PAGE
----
Red-billed Curassows spend most of their active time foraging on the ground. Birds also perch in trees to forage, rest or escape danger. The ability to fly is limited, as in other cracids.
Curassows spend the night perched in trees, with individuals frequently using the same area to roost. Typically an adult male and an adult female roost together, or an adult male may roost with several females; two or more adult males do not roost together.
The adults are territorial. Reintroduced adult males in Guapiaçu Ecological Reserve were on average 3 km apart from each other, suggesting the males do not overlap territories (Bernardo 2010).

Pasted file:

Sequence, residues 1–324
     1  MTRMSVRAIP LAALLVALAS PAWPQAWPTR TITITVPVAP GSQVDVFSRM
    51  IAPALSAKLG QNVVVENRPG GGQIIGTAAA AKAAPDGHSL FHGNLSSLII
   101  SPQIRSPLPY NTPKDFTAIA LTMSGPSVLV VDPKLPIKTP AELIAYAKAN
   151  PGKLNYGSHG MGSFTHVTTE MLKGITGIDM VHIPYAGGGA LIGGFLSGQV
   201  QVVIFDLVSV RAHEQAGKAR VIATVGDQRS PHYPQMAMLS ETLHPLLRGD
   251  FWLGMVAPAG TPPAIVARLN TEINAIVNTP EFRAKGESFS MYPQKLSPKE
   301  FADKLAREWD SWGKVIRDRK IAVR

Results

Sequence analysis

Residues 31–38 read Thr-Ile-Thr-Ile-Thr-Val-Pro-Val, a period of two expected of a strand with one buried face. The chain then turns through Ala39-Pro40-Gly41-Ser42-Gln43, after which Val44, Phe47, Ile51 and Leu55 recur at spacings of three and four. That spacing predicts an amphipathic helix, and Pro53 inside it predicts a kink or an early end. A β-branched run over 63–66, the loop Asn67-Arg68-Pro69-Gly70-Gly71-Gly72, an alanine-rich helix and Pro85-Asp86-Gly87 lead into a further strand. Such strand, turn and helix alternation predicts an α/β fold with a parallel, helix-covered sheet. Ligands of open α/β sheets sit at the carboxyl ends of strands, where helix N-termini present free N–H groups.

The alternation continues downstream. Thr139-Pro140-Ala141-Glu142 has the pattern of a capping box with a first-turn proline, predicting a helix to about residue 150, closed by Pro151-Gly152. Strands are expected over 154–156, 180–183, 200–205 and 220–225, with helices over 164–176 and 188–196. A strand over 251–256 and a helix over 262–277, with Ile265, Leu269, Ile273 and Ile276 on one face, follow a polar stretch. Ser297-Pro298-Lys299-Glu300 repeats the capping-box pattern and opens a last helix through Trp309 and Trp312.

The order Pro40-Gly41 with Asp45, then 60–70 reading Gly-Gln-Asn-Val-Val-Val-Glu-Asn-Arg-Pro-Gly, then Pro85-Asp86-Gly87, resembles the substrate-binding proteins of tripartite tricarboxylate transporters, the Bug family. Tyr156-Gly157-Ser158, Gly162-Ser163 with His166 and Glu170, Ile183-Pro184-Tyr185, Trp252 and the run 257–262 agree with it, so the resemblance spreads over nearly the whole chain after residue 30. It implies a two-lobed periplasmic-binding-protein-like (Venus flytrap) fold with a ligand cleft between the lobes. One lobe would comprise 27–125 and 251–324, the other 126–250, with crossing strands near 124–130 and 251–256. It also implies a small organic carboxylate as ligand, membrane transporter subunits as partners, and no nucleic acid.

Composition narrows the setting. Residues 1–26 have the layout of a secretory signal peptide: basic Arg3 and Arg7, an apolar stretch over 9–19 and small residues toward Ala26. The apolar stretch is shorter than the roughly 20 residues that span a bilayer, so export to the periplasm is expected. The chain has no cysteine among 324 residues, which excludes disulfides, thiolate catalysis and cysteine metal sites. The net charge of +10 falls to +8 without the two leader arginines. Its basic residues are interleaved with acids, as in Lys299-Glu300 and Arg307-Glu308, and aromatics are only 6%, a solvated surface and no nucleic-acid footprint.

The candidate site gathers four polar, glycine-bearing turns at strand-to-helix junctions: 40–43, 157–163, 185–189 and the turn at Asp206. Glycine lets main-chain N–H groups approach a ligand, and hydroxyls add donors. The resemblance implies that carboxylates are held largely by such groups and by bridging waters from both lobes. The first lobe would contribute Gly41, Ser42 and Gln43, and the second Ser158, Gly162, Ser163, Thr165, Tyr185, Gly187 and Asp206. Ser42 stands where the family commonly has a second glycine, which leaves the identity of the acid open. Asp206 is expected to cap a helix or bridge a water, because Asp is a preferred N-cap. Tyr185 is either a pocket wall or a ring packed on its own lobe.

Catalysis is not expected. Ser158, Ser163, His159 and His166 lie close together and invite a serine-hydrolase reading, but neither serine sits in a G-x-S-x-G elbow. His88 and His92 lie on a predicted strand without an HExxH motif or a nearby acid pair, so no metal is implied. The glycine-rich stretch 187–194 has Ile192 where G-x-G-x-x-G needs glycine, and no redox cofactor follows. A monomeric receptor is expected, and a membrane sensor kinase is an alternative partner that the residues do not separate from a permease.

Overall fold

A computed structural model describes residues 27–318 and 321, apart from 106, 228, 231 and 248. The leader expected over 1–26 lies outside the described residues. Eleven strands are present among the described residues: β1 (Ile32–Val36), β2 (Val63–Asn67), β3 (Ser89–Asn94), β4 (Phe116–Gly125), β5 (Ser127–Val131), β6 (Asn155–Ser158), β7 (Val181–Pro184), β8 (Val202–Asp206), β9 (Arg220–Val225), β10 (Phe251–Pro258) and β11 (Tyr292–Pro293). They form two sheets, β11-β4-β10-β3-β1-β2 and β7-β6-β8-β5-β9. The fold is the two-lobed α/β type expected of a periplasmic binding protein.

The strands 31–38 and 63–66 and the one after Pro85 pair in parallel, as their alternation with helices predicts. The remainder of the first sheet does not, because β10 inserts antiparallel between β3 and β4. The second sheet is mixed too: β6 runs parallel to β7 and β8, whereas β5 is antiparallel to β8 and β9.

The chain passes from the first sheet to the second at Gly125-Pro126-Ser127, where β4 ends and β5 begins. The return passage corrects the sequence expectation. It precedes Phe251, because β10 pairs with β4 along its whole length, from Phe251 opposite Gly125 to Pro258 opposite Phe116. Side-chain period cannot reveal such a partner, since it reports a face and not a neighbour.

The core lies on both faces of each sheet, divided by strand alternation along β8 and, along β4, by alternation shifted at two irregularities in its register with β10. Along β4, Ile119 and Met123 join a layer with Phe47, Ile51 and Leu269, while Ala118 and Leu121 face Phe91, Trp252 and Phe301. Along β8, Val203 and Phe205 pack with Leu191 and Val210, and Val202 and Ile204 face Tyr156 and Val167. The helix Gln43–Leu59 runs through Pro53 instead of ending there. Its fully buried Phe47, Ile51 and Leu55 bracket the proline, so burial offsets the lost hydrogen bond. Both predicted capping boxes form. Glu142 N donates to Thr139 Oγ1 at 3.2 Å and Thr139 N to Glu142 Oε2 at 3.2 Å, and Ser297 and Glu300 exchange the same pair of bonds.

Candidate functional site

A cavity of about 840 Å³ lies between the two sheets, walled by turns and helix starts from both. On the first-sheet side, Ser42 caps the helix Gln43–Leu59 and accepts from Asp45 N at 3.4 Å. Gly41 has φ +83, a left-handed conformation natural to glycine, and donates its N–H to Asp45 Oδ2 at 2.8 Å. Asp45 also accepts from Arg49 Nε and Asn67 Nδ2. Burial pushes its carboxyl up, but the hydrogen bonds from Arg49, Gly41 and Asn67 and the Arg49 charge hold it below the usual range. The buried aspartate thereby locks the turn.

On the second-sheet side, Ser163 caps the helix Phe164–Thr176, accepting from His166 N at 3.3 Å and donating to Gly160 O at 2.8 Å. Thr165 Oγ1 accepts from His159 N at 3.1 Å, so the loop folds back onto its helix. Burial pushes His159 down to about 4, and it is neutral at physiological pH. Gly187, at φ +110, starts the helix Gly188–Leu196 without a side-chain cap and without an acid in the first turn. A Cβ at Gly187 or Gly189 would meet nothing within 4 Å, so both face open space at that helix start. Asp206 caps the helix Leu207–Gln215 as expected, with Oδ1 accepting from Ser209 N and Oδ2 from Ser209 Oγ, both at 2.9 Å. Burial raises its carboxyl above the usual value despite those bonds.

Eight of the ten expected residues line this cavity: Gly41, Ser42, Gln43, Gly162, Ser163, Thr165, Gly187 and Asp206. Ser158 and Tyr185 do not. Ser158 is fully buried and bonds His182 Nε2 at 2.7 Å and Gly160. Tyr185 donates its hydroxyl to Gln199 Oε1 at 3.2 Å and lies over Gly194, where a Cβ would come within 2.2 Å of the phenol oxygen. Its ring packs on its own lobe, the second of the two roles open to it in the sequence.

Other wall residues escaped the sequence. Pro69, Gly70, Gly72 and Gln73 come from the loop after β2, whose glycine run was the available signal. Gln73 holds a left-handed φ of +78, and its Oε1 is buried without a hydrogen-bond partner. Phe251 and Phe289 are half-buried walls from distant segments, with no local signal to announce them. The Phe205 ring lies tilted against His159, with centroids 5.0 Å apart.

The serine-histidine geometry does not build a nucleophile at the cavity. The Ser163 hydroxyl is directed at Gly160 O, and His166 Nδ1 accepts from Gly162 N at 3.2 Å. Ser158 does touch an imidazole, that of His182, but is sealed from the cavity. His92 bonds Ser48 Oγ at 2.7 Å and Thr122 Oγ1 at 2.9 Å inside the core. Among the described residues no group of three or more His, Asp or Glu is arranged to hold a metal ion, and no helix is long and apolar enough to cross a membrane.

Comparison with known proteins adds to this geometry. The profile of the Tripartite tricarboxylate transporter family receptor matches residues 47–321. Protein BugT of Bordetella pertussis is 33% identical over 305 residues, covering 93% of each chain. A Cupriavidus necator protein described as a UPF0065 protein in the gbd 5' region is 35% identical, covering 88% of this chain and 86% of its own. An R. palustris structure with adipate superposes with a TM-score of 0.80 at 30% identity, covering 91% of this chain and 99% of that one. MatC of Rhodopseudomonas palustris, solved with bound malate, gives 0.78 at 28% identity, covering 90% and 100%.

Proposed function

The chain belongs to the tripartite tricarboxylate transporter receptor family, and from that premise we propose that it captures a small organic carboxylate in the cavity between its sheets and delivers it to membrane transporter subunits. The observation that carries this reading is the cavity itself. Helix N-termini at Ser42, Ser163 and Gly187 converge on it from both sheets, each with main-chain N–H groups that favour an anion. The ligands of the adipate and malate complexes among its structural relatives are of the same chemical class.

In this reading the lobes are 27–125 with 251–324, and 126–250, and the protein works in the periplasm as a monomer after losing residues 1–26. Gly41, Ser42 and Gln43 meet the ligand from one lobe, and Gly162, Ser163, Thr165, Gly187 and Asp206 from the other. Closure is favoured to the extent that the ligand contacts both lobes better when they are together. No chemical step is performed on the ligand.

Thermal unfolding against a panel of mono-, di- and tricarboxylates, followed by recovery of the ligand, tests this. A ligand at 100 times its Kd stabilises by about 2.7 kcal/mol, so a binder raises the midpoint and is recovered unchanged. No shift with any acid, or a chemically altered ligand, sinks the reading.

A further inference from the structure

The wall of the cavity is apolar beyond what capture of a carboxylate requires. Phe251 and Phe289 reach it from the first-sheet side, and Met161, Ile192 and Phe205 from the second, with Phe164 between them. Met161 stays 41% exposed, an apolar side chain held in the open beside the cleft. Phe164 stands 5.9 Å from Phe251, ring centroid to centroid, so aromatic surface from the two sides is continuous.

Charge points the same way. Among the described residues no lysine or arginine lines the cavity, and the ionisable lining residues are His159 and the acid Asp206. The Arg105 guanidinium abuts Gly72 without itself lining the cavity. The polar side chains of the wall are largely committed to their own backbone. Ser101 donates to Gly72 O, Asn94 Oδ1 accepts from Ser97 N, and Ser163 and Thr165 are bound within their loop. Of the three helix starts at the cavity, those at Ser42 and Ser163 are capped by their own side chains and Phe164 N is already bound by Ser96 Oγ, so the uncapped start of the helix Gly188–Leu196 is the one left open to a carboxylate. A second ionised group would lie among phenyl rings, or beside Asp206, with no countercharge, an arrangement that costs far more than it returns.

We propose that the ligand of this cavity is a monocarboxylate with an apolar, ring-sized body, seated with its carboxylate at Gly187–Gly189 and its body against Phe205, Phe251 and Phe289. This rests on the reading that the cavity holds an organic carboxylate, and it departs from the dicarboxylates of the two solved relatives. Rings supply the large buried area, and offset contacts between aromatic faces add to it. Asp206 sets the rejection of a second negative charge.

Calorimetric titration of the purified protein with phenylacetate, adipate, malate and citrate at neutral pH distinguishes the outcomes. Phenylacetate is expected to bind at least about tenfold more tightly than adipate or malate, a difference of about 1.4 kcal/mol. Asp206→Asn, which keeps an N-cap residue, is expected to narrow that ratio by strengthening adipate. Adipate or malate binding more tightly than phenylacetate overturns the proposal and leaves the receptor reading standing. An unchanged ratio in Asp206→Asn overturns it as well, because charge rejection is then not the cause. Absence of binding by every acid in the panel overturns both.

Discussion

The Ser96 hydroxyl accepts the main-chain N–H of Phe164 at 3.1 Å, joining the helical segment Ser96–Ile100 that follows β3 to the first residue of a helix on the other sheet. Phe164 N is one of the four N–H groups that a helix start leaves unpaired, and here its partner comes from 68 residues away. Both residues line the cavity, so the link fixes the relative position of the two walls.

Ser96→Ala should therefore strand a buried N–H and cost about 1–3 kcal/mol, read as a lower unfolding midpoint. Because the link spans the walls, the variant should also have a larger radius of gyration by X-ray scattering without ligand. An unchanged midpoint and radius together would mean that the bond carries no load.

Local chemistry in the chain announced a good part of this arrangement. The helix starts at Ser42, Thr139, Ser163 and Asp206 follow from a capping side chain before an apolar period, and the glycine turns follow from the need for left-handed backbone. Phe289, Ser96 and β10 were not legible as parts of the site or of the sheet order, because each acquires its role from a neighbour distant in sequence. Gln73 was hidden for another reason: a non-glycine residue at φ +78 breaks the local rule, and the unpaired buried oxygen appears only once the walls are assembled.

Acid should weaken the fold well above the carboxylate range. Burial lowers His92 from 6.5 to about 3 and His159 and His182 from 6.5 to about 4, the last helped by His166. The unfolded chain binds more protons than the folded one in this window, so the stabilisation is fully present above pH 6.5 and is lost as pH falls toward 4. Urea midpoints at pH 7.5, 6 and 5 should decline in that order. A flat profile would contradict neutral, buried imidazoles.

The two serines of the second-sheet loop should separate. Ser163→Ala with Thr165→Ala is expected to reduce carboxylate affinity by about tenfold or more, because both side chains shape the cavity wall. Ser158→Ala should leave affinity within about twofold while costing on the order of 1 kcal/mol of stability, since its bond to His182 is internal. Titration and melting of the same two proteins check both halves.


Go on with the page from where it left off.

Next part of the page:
The species is monogamous but may become polygynous if sex ratios are skewed (Sick 1970).
Social and interspecific behavior
Usually solitary or in pairs. Reintroduced individuals at Macedonia farm (Minas Gerais) were seen with Rusty-margined Guans Penelope superciliaris, engaged with similar activities (Azeredo and Simpson 2004).
The reintroduced birds in Guapiaçu Ecological Reserve, Rio de Janeiro, Brazil, were predated mostly by natural predators such as felids (puma Puma concolor, ocelot Leopardus pardalis) and hawks (Spizaetus spp.) (Bernardo et al. 2011a). In the beggining of the study, domestic dogs belonged to members of neighborhood communities killed some reintroduced Red-billed Curassows (Bernardo et al 2011a).